Mark Jaben MD
Yeah, we're asking people to think about wiping the slate clean for their current existence. And what would be the ideal practice situation? What would work? What if you could draw it, wipe it clean? How do you want it to be?

 

Dike Drummond MD
Right? And what I find is that that's not something. You know, that's not something a doctor is used to being asked. No, in an ideal world, if you had a magic wand if you were the king of the forest, if you were the boss. What does your ideal practice look and feel like describe it to me in detail and then what do they do? They go

 

Mark Jaben MD
It's the open mouth. goldfish stare right? It's usually something like, that's, that's, that's a really good question I never thought about.

 

Dike Drummond MD
Nobody's ever asked me that before. But just be really clear. Your medical school, your residency program, your fellowship, even your current job is not interested in your ideal job description. They're interested in their job description. But you always have the ability to move in the direction of a more ideal job as soon as you're clear on that vision for yourself. Even if nobody's ever asked you this question before.

 

So let's talk just a little bit more about how this word stack shows up around an interesting transition in your life around your decision to leave the United States and go to New Zealand. So if you could, if you could just walk us through that experience, and tell us how this Word stack potentially helped you do it even if you might not have known it at the time. That'd be awesome.

 

Mark Jaben MD
Yeah, I certainly didn't know it at the time. But I've been bibber of a independent private emergency department group for 20 years in a small rural community hospital. And over the last couple of those years, things got pretty contentious inside the organization and ended up with us being summarily fired midway through contract. This was back in 2006. And I think many of you, you are around that. probably remember, there was a lot of this going on at the time. But because I had family and mortgage and retirement and all that sort of stuff, I had to keep working. And so I ended up picking up shifts in other places around my area.

What I found out was everybody was struggling with the same things. And we had always wanted our kids to have an experience living outside the United States. And because my Spanish is just good enough to get me in trouble. It needed to be an English speaking place. Okay, so

 

Dike Drummond MD
Stop, stop, stop. Okay, here we go. What is he focusing on? He spends focusing on is what he wants. It's a vision. The vision says overseas English. Are you seeing how this is sort of panning out? Did you write it down? By the way?

 

Mark Jaben MD
I had no idea about this, though. I mean, did you actually

 

Dike Drummond MD
As a family write down? It needs? We're going overseas and it needs to be in Did you write down criteria like that?

 

Mark Jaben MD
I think that it was more like a series of dinnertime discussions, where we might head. Okay, cool. Keep going.

Okay, and then New Zealand was a natural choice because we're outdoors sort of people. And so we went over there. And it wasn't so important what the work was like, we were using the work as a vehicle to sort of have this family experience. And what a lovely place to be. And we enjoyed that thoroughly.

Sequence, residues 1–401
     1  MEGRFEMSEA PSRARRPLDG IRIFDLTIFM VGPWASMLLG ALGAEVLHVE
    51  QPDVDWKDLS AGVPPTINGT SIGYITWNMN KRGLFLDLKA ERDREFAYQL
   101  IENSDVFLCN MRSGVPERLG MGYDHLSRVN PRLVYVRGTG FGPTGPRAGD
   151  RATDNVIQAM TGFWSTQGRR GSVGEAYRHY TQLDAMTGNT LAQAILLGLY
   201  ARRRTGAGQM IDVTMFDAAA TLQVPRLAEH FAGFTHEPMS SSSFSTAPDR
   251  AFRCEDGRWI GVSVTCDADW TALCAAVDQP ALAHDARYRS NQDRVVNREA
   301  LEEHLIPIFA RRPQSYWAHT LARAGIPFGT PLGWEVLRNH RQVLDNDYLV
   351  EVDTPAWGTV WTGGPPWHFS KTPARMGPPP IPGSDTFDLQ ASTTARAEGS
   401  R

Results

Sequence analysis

What was unexpected was how much I enjoyed working in the little hospital that I was in inside the New Zealand healthcare system. That was just a really unexpected joy. So much so that when I came back to the States, it wasn't clear to me whether it was because of the New Zealand healthcare system or whether it was because of the confluence of people in place, it just all fell in place.

And so I went back a second time just to sort of prove that to myself. And it turned out to be some of some of both.

 

Dike Drummond MD
Gotcha. And then as you're listening to I just want to point out to the to the folks that are listening here, too, this is one of those interesting pivot points that are available to anybody at any time who happens to be a physician as a career choice. A lot of times people's vision is focused 100% on their career, they come to me and they, they want to make their career ideal because that's a central focus of their life.

But notice how your pivot took the central focus of your vision from your practice to your, to your life, to your family, to the experience of being overseas with your kids when they're young. By the way, I spent my high school years in England so I know what that experience Like as a younger person, so you actually used your career to facilitate a vision that was a larger vision for your family. And a lot of times if we can rebalance, where you are putting your career or kind of pedestal you're putting your career on, and in many cases, it can be a servant to a larger vision. Now, you told me to a little while ago that you came back because your visa ran out, right?  

 

Mark Jaben MD

Well, yeah, New Zealand, though, with your visa runs out, they come find you. Not many people know about that. But the other things that happened there, you know, part of this process between getting fired out of this work and working for a while and going to New Zealand was trying to come to grips with what actually went on back then. How is it that we managed change so poorly across an organization? You know, we included? What does that really about? And so, one of the things that I learned in New Zealand was that it didn't have to be the way it was in the United States. I was in this organization where we could sit around a table and get things done. And I saw a very different cultural working environment than what I had experienced in the States. So that helped me say, hey, it doesn't have to be like that way, it could be this way. And that was part of that whole journey for me in terms of trying to understand change better, and what actually is really required and what does it take, and that's what led to the book. But interestingly, the whole coach training and development and experience as a coach has just been a further layer upon that. So all this has clarified together over these years.